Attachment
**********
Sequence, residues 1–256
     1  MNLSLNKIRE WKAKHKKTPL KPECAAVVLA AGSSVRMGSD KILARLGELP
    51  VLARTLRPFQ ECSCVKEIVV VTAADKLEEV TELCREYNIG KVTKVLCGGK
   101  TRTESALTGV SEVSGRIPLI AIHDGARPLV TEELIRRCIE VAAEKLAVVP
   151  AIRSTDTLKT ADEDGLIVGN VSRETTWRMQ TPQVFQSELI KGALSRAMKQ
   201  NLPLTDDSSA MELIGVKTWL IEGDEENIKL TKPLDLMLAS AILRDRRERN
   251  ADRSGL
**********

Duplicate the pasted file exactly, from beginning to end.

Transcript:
Sequence, residues 1–256
     1  MNLSLNKIRE WKAKHKKTPL KPECAAVVLA AGSSVRMGSD KILARLGELP
    51  VLARTLRPFQ ECSCVKEIVV VTAADKLEEV TELCREYNIG KVTKVLCGGK
   101  TRTESALTGV SEVSGRIPLI AIHDGARPLV TEELIRRCIE VAAEKLAVVP
   151  AIRSTDTLKT ADEDGLIVGN VSRETTWRMQ TPQVFQSELI KGALSRAMKQ
   201  NLPLTDDSSA MELIGVKTWL IEGDEENIKL TKPLDLMLAS AILRDRRERN
   251  ADRSGL